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Lethbridge Herald Newspaper Archives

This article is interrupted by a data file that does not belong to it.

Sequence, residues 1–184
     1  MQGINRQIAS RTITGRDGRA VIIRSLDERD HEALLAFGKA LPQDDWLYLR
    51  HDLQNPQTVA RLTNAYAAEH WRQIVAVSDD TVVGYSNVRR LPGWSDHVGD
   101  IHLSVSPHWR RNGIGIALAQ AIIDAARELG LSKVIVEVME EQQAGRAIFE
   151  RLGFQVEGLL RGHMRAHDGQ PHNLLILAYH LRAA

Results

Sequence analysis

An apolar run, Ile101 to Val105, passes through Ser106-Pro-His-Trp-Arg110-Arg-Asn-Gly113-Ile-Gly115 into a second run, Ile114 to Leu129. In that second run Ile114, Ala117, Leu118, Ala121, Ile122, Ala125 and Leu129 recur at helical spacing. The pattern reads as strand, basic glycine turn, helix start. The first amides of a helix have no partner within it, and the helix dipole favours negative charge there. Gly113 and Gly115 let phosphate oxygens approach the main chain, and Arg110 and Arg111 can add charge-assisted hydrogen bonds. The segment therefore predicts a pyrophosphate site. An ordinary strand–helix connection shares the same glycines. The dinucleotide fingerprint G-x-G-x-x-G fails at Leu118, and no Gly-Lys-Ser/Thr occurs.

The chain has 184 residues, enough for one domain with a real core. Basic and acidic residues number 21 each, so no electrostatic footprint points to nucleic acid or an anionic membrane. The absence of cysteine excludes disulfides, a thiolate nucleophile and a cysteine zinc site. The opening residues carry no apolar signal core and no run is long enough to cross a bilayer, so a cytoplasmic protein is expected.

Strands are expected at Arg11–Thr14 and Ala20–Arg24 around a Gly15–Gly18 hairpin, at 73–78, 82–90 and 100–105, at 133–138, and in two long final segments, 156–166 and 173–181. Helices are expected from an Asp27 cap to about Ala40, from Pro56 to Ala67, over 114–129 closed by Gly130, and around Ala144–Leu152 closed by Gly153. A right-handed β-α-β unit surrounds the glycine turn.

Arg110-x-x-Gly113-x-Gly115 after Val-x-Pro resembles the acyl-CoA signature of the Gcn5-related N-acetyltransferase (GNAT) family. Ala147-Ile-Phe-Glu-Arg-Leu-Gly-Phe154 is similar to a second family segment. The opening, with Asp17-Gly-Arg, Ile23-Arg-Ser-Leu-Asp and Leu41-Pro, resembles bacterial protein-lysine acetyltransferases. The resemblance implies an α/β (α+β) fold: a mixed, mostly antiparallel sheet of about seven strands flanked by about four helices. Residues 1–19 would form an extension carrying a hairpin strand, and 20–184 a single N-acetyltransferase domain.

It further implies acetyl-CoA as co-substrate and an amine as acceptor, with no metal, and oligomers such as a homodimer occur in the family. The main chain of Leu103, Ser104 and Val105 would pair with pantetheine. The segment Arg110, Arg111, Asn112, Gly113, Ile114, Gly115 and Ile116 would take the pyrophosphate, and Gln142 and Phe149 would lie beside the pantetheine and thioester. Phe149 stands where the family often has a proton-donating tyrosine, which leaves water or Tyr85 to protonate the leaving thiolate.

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Lethbridge Herald, The (Newspaper) - April 18, 1972, Lethbridge, Alberta BUNNYow, FORECAST. HIGH WEDNESDAY NEAR 55. oCTLXV NO. 108 The lethbndge Herald LETILBK1DGIC, ALBERTA, TUESDAY, APRIL 18, 1972 PRICE NOT OVKK 13 CENTi> TWO SECTIONS-24 PAGES MISS TEEN CANADA 72 Lori Elaine Rowe of Vancouver B.C., wipes away tear from her eye afler being chosen Miss Teen Canada '72 in Toronto Monday nighl. Tracey Kalhleen Tol- cliard, 16, of Edmonton, was chosen firsl run- ner-up and Deborah Irene Dube, 16, of Saska- loon, was second runner-up. (CP Wircpholo) Senate group votes to end American air attacks halt reports conflict SHOOTOUT Body lies on Ihe slrccl in Montevideo, Uruguay, afler o predawn bailie belwcen securily force: and Tupamar guerrillas. Nine persons, including an army caplain were reported killed in Ihe ihooloul ihol raged for a-l hour around a district office of Ihe Comrnun- Isl parly. Bv MICIIAKI, PRKNTICE WASHINGTON (Reuler) The Senate foreign re- Inlions committee, in a display of bipartisan solidarity, voted 0 to 1 Monday niglit to end all spending on the Vietnam war by the cud of tliis action Mint would compel President Nixon to get out of Viet- nam if approved by Ihe. full Congress. But the Nixon administration maintained its efforts to juslify the bombing raids against the North. The U.S. government, in a reply to a Soviet pro- test thai American air raids damaged Russian mer- chant ships in Haiphong harbor, resetted any dam- age ils aircrait might have done to the Soviet ship- ping, but did not admit anything. At the same lime, the U.S. reply emphasized that the Soviet Union must share responsibility for the cur- rent massive north Vietnamese offensive against South Vietnam since it has supplied arms to the North. The lopsided vote of Ihe dovish Senate foreign re- lations committee, headed by arch J. Wil- liam Fulbriglit of Arkansas, launched the most wide- ly supported allempt yet to use the congressional powers of the purse to get the- United States out of Vietnam. Bombs essential The cut-off of funds within nine months would be subject only lo an agreement by North Vietnam and its allies lo release American prisoners of war. A similar mnve in Ibe Senate a year ago failed by only a handful of votes. This time its supporters believe it could succeed. But the proposal would probably meet with less favor in the House of Representatives, which has been more ready to go along with the president's handling of Ihe Nixon, while remaining silent him-self on Ibe latest escalation of the war, today sent another of bis chief spokesmen lo Congress to argue the administration's case for the renewed bombing of North Vietnam. Defence Secretary Mclvin Laird was scheduled lo tcslify before the Senate Foreign Relations Committee 2-1 hours afler State Secretary William Rogers' appearance before Fulbrighf's panel, Rogers said the bombing was essential to defeat NnrlJi Vietnam's "massive invasion" and stressed (here would he no negnl.ial.ions wliilr- Ihe onslaught continued. Die reply lo Ibe Soviet Union's Mir damage lo four Russian merchant ships in Hat- phone reflects Washington's desire no' to aiilagonirn Moscow while at Hie same lime seeking to induce groalcr responsibility on Ihe, part of Ibe Soviet leader- ship. A nolc delivered in Moscow- Monday night said the U.S. air raids over North Vietnam wore not aimed at third countries. It added that the damage to Soviet shipping could well bave been inflicted by inaccurate Norlh Vietnamese- anti-aircraft fire. Jf any damage was caused lo foreign ships in Haiphong harbor by U.S. aircrafl. it was inadverlcct and regrettable, Ibe U.S. government said. Biologists eavesdrop on animal gahfest SAX DIFX10, Calif. (AP) Biologists are gather- ing secrets from Hie ocean here by dipping electronic cars beneath the waves lo eavesdrop on the ocean animal gabfosl. To tile uninitiated, flic cacnphon is so much snap, crackle and pop vvilli a bloop and squeak mixed in. But lo bioacousticians, such as Jim Fish and Bill Cummins at Hie U.S. Navy Undersea Research and Development. Centre, the marine dabble is a sym- phony filled with surprises. Rioacoustics was born early in the Second World uilh development of sonar and submariners' dis- covery Hint Ihe raucous sound of schools of snapping shrimp, which abound in the oceans of Ibe world, could hide a submarine's presence. SAIGON (AP) President Nixon lias suspended U.S. air attacks on Ihe. Hanoi-Kiiipbonr; area lo see if North Vietnam backs off from ilo general offen- sive in South Vietnam, U.S. mil- itary sources reported today. However, Defence Secretary Melvin Laird said today in Washington there is "no sub- stance" to the report of attacks Steel plant hinted TORONTO (CP) The Slcel Co. of Canada Ltd. said today thai plans for a major sleci- making complex In Alberta are slill a long way in the future. "It's very long a spokesman said. lie was expanding on com- incnls made Monday about Ihc plans al the company's annual meeting of shareholders. H. M. Griffith, chairman and chief executive officer, was dis- cussing the company's lang- rLnge plans when he said: "Tlie company's operations at Edmonton include stcclinaking and llic eapacily Ihei-e is in ex- cess of tons a year. Our slcelmaking in western O.nada will he expanded in Ihe foresee- able future and we are aclively planning for an integrated steel operation of major importance in that province." Mr. Griffith did not put a price tag on Ihe integrated oper- ation and did nol name a site. He made no other references to the project in his speech, In a slalemenl today, Mr. Griffith said: "It is Irue that Stelco has con- dueled a feasibility sludy and is aclively planning for an intcv- rated steel complex in Alberta when markcl condilions could juslify such a large investment, but we are looking into Ihe fu- lure. being suspended north of Ihe ZOlli parallel. lie said air strikes were continuing in Norlh Viet- nam but did not specify how deep the raids were. Informed of Laird's remarks In Washington, Ihe Saigon in- formants who first reported Iho suspension reconfirmed their in- formalion and said they stuck by il. The Saigon Informants said only a handful of strikes were Ilown Monday and today north of Ihc demilitarized zone and all of lliese below Ibe 19th parallel, 120 miles south of Hanoi. In Ihe South, U.S. pilots flew more than strikes Monday and Unlay. 1IKAVY RAIDS SUNDAY After Sunday's heavy raids on targets around Hanoi and Hai- plionfl, Nixon ordered all air ac- tion suspended above Ihe 20Lh parallel of latitude, GO miles south of Hanoi, tlie Saigon sources said. Military sources said there wore no signs of any Commun- ist withdrawals from the hattle- fields lo which political signifi- cance could he attached. How- ever, they said "enemy-initi- ated" actions had been reduced in level since Sunday. Norlh Vietnam's chief dele- gate to the Paris peace talks said Monday that if llic United Stales stopped the bombing of the Norlh and resumed (bo reg- ular weekly meetings of Ihe sus- pended talks, North Vietnamese polilburo member Lc Due Tho would return to Paris for more wilh Ihe secret negotiations Americans, But the chief U.S. delegate in Paris, Ambassador William J. Porter, indicated last week Iho Uniled States would not return (o Ihe table until North Vietnam called off ils military offensive. The Soviet Union meanwhile, announced today it will con- linuc to supply "necessary as- sistance and support" lo Norlh Vietnam despite an American declaration that nations furn- ishing weapons to Hanoi must, share (he responsibility for re- talialory U.S. air raids. EDMONTON (CP) Visions of a flood of money into provincial coffers through increased oil royalties ebbed a bit Monday when Premier Peter Lougliecd told Hie Alberta legislature that many petroleum leases won't be subject lo review until at least 19SO. lie said 75 per cent of the province's current oil production is covered by leases stipulating lhal royal- ties cannot exceed IG'b Progressive per cent of gross produc- tion. Tn Edmonton, W. K. Grumly, weslern region general man- ager for Slclco, said a final de- cision has nol been made on .1 location for a spiral weld pipe mill. Among the locations being considered is the east central Alberta communily of Cam- rose. 'Where's Natelf str urg By THE ASSOCIATED PRESS The call for campus strikes to protest (he bombing of North Vietnam spread rapidly today after hundreds of American col- lege students look lo the streets Monday Lo protest continued U.S. involvement in Indochina. More than 100 students were ar- rested. "Not since Ihe Cambodian in- vasion in 1970 lias the Nixon government's aggression i n Asia so urgently demamlixl pro- test from the American said an editorial planned (or publication today by the Har- vard Crimson and seven other Ivy league newspapers. They called in Hie joint edi- torial for R "one-day morato- rium on business as usual Fri- day." In addition they urged "all Amercians to join In massive demonstrations of protest, in New York, Los Angeles, and San Francisco [his .Saturday or lo engage in some other effec- tive form of protest." The National Student Associa- tion also urged (he 50 leading U.S. universities lo strike and said it was planning mass mail- ings lo ils 515 member colleges to heed Lhe call. S BLASTED The former Social Credit ad- ministration was blasted o r committing what the premier described as "a serious error in judgement." in HM8 when it "unnecessarily agreed lo insert in petroleum and natural gas leases specific provision UiaL the maximum royalty rate would be limited on the petro- leum to a sixth of gross production.'' Opposition Leader Harry Strom, whose Social Credit ad- ministration was upset by Ihe Whispering Giant burns in crash From AP ADDIS ABABA (CP) An East African Airways VC-10, Britain's huge Whispering Giant, crashed and burned as it was taking off from this Ethio- pian capital for London via Rome, and Reuter news agency reported there were at least 8ii survivors. The Associated Press had re- ported at least GO passengers and. crew were killed and quoted eyewitnesses as saying there were 34 survivors, Reuter quoted authorities as Faying the plane was carrying fW passengers many of them British children returning after the Easter holidays, and a crew of making a total of 107 aboard. The plane had left Nairobi, Kenya, earlier this morning anil made ils [irst stop at the Ethio- pian capital, Conservatives last August, defended the act as necessary because ot market conditions 2] years ago. ''It is most important that we recognize what tlie circum- stances he said, "there was a very clear objective at that time, which was to try and gain for this province a de- velopment in an industry which hadn't really been doing very well in Alberta." Mr. Lmigheeri said that even liy 197G, at least half of the province's crude oil production will slill be under the maxi- mum royalty limitations. ''It will take as long as after 1980 before the situation can be reversed and the bulk ol crude oil can, be freed from maxi- mum royally restrictions." SALES TAX NEXT? The announcement again raised speculation of a retail sales tsx in Alberta, the only province wit houl one The lucrative royalties have been described as (he only thing which has kept the tax out since oil was found south of Ed- monton in 1947. Grant Nolley. leader of the New Democratic Parly, did not agree wilh tlie government's nothing could he the royally silua- claim (hat done about tion. ''Tlie efforts by the premier to hi a me t he former govern- ment arc an exercise in futility because Albcrtans win be anx- ious lo know what can lie done rather than who is to Mr. Nolley said. "The province clearly has the righl lo ask legislation which would amend llio contractual arrangements enlcrcri into b y the previous administration. Premier Lougliecd said his government intends, during the current session, to amend the Mines mid Minerals Act so "all future leases" will not he sub- ject lo the royalty restriction. Spacemen wrestle t. grein ,s HOUSTON' (AP) A guid- ance system problem that tem- porarily locked tlie Apollo 16 command .ship in one position solved today, but the astro- nauts were wakened more than an hour early to wrestle will) radio antenna trouble. Neither problem posed any Ihrcat to Ihc astronauts or to Ihc mission as Apollo lf> hurtled on toward a Wednesday rendei- voits wilh (he moon. They were the Ihircl and fourth gremlins, none of (hem .serious, to plague John Young, Charles M. Duke Jr. and Thomas K, Matlingly If on Iheir t w o -d a y -o 1 ri journey to tho moon's mountainous highlands. Karlicr, I liny reported paint Making off (he lunar lander Orion and that one nt 12 Inlches connecting the command anrl lunar ships was not fastened properly. Mission Control was having difficulty communicating with Apollo Ifi becnusn of an arilcnnn shifting problem. path toward the moon after the astronauts adjusted their course with a brief engine firing Mon- day. The spaceships, hooked nosc-to-nose, are lo lire into lunar orbit nL p.m. Wednesday. The next day Young ant! Duke are lo del arli Orion for Hie de- scent (o the surface, landing at p.m. EST in a mounlriin- i ingecl plateau of the Jlescarles plain, the highest region on the visible front side ot !bc moon. QUEBKC (CPl The Quebec government offered mnrc thnn S27 million in yalaiy incrcasus to about striking public servants today, as rlOO riot- equipped police ringed Ihe na- tional assembly and thousands of demonstrators converged on Iho assembly buildings. Initial reaction from the un- ions lo the new offer was cold. They termed some conditions "unacceptable.1' Ihe offer came at 7 a.m. negotiating session at a mote! in suburban St. Foy. As it was being discussed ai tlie hour-long meeting demonstrators were al- ready heading for the legisla- ture grounds. Some Quebec municipal and provincial police were standing by in case of trouble from [he sweling crowd, which numbered between and by mid-moi ninrj. A union crowd-control Ecnice was maintaining order among the demonstrators under the eye of police helmets and face-masks and carrying three- foot truncheons. assembly is due lo open a new session at, 3 p.m. today and the 1972-73 provincial budget is to be brought down tonight. CARHY I'LAC.AKDS The demonstrators were ar- riving hi large groups, march- ing up to the national assembly grounds carrying banners and placards. Police earlier had said they expected about 40.000 marchers. The contract offer included a "i increase in salaries, a ?1.2-million retraining program for teachers and others in the school sector and changes in the retirement plans that represent another S3.5 million in benefits. Salary increases lo individual workers range.1 from 5.3 per cent lo six per cent, with the biggest percentage increases going to the lowest-paid Louis Laberge, president ot the Quebec Federation of Labor, said at a news conference fol- lowing Ihis morning's talks that "at first glance the proposals appear lo be a long way from meeting the objectives sought by the unions." HULL CLASH At Hull, sinking Quebec teachers clashed today with students trying to get past pic- ket lines into a community col- lege in this ciLy on the Ottawa river. Teachers at the school, swinging two by four boards, repulsed (wo attacks by stu- dents shouting want in, we wan! In." The pOFl secondary slu- dcnls tried u gel through pic- ket lines established by the teachers parl of the strike of Quebec public servants In order lo write final examina- tions due to start today. y for campsites ur onix; Bureau KDMOXTOX I'on't look fcr Immediate- nf iirw provincinl 11'-- a belt-Hglilriiing year ami llio, lands niwl [orcsl.s the branch responsible for Al- berta's SI provincial parts, is among the hardest, bit by cost About tlie only tiling new uill be an increase in the fees for overnight camping. The fee i.s currently SI 50 with extra charges for electric hnok-up and sev.-age, to maxi- mum of about S2. A cabinet, order within a few weeks i.s expected to rales lo for fully-serviced campsites. S2 for a Kite plus a water source and washing fa- Apollo 17 continued (o streak rfcrper ialo space no 3 period LANOING SITE This is an artist's conception of the Apollo 16 Di scoTles landing iilc on Ihe moon where Ihe astronauts ore expcc'cd lo lond Thursday. North ii at Icfl. Tim view looks to Ills edit, (AP Wirflphoto) Pensioner dies in crossfire1 Frnm lir.l.FAST (CI'J Briliih froops reported they killed two guerrilla snipers in an nil day battle in Belfast Monday, but Ihn finding of a pensioner's body in the fighting area today cast some doubt on the claim. Security forces said Ihc body of an RO-vcar-old man, riddled with gunshol wounds, found al Ihe scene of the liatllo he- Iwcen British troops and Irish faipcrs. cilities. and SI per night for a site uith a table and stove but no running Tlie new rales will likely he in effccl hy Ih" IMay 24 ciul. Allan VTarnu-k. inini'tnr of lands snd forcsl.s praliclcd a new parks master will be completed by spring 1973. It v.ill catalogue existing fa- cilities in the province's 150.000 acres of parks, outline what is required to hiing existing parks up lo optimum develop- ment, and recommend a five to ]0 year program for develop- ment of new parks. A parks study team, for in- stance, will lie at Keho Lake a reservoir located between Bnrons and Picture Bulte in early fall lo sec whether il is worth developing as one of tho parks. Seen and heard Abouf town pOUCE miKF Halph Mi- chelson picking S p n Krickscn's pocket at a secur- ity seminar nine-year-old Dong Block in mourning lie- cause tic had his linir trimmed (iuntla I'rla Miuervising the noving cf he, lilac bushes. ;